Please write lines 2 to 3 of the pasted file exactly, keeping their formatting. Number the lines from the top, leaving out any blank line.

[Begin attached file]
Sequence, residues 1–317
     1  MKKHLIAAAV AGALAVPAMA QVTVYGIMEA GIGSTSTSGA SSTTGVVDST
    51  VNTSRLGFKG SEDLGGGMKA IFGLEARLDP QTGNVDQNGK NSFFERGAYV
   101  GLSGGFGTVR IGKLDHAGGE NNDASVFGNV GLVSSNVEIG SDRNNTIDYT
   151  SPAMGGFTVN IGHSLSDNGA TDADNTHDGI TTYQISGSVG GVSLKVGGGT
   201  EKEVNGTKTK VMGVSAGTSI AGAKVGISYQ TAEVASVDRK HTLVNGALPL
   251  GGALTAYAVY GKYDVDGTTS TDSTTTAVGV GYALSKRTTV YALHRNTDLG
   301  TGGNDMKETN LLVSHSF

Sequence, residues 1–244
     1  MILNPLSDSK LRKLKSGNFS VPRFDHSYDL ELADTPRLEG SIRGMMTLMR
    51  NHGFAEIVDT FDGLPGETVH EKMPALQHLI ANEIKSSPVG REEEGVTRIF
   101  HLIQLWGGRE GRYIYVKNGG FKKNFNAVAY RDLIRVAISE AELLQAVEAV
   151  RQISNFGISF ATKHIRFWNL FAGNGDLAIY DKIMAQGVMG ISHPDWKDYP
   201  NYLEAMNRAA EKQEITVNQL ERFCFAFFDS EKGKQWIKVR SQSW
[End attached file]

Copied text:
     1  MKKHLIAAAV AGALAVPAMA QVTVYGIMEA GIGSTSTSGA SSTTGVVDST
    51  VNTSRLGFKG SEDLGGGMKA IFGLEARLDP QTGNVDQNGK NSFFERGAYV